Readers get an education when it comes to the role that the first-person narrator takes on some of Edgar Allan Poe’s short stories. In “The Tell-Tale Heart” (1843) the unnamed narrator is not trying to convince the reader that he is not guilty, just that he is not crazy. He was justified in killing the old man with the “vulture-like eye” and hiding the body under the floorboards of his home. He may be trying to save his own skin, but that is not the point. The crime is not in question; it is the narrator’s sanity. How can one trust the storyteller, if you only get one part of the story?
This is what makes the journey as a reader more interesting. How do you discern the truth? This is ...view middle of the document...
However each lady suffers a tragic fate, in part, by the men who love her. The readers only get one side of the story, that of the narrator. Everything is questionable—the relationships, the alleged love story, even the narrator’s own sanity. It is up to the reader to figure out the veracity of each tale.
“Berenice” – Like Pulling Teeth
Egaeus, the narrator, is a sickly man who is about to marry his cousin. According to Egaeus he described Berenice as
Oh, gorgeous yet fantastic beauty! … Oh, Naiad among its fountains! And then—then all is mystery and terror, and a tale which should not be told. Disease—a fatal disease, fell like the simoon upon her frame; and even, while I gazed upon her, the spirit of change swept over her, pervading her mind, her habits, and her character, and, in a manner the most subtle and terrible, disturbing even the identity of her person! Alas! the destroyer came and went!—and the victim—where is she? I knew her not—knew her no longer as Berenice! (582).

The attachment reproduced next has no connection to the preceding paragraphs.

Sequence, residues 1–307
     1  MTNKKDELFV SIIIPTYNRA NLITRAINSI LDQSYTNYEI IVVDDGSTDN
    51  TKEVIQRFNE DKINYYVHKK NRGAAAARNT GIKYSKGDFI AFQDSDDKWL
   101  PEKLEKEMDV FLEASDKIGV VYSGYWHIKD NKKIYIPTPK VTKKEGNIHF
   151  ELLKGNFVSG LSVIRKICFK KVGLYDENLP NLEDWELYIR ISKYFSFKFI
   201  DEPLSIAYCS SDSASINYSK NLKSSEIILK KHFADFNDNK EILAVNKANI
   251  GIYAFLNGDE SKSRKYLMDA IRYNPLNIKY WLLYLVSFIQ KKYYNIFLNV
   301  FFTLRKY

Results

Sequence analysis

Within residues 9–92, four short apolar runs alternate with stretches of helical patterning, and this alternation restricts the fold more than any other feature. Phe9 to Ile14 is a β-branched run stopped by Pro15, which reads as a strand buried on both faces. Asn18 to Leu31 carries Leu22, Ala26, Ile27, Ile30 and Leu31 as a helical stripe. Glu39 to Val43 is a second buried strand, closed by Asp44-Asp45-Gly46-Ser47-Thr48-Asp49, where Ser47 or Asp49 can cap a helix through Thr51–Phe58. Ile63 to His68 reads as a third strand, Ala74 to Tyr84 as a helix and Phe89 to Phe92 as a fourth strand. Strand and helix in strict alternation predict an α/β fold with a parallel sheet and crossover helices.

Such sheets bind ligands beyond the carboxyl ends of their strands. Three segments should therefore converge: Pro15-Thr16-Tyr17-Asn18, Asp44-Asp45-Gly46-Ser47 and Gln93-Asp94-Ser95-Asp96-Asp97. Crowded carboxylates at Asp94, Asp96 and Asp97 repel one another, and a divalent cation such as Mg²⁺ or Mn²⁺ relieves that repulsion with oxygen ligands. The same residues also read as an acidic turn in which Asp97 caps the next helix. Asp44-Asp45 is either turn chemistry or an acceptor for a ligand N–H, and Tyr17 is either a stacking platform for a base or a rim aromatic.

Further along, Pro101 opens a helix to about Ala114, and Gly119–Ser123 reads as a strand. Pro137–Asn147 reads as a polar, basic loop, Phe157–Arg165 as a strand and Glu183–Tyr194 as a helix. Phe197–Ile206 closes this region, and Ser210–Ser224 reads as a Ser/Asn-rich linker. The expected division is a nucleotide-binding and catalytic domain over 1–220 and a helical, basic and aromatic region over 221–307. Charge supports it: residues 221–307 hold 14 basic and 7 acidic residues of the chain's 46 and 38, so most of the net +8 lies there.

The beauty that was his soon-to-be wife disappeared and now she is a shell of her former self. She is dying from some form of catalepsy or epilepsy and it wounds him. He feels that he is also dying and nothing will bring him back to life. The only thing that saves him is her smile, aminly her teeth. It will be Egaeus obsession.
They parted; and in a smile of peculiar meaning, the teeth of the changed Berenice disclosed themselves slowly to my view. Would to God that I had never beheld them, or that, having done so, I had died! (584).
Then further ahead
I more seriously believed que tous ses dents [all her teeth] etaient des idees!… I felt that their possession could alone ever restore me to peace, in giving me back to reason (584).
Shortly thereafter a servant arrives to inform Egaeus that Berenice has died. She is buried and according to the narrator he suffered some sort of fugue state where he has no memory as to what happened (at least that is what he claims).
“But of that dreary period which intervened [Berenice’s burial] I had no positive, at least no definite comprehension. Yet its memory was replete with horror… (584).
It is not until the end of the story when a servant shrieks in terror as he sees Egaeus and points at his master’s clothing “muddy and clotted with gore” and “indented with human nails.” There were some objects by the wall—a spade and a box inside “some instruments of dental surgery, intermingled with thirty-two small, white, and ivory-looking substances that were scattered to and fro about the floor.”
Berenice was alive and Egaeus obsession made a bad thing even worse. He is in denial as to what he did that he identified Berenice’s teeth as “ivory-looking substances.” He turns something ugly into a beautiful thing as he describes what he sees. Egaeus does not want to believe that he did what he did. Just on that element alone, his story needs to be questioned.
However in fiction things do not tend to be so...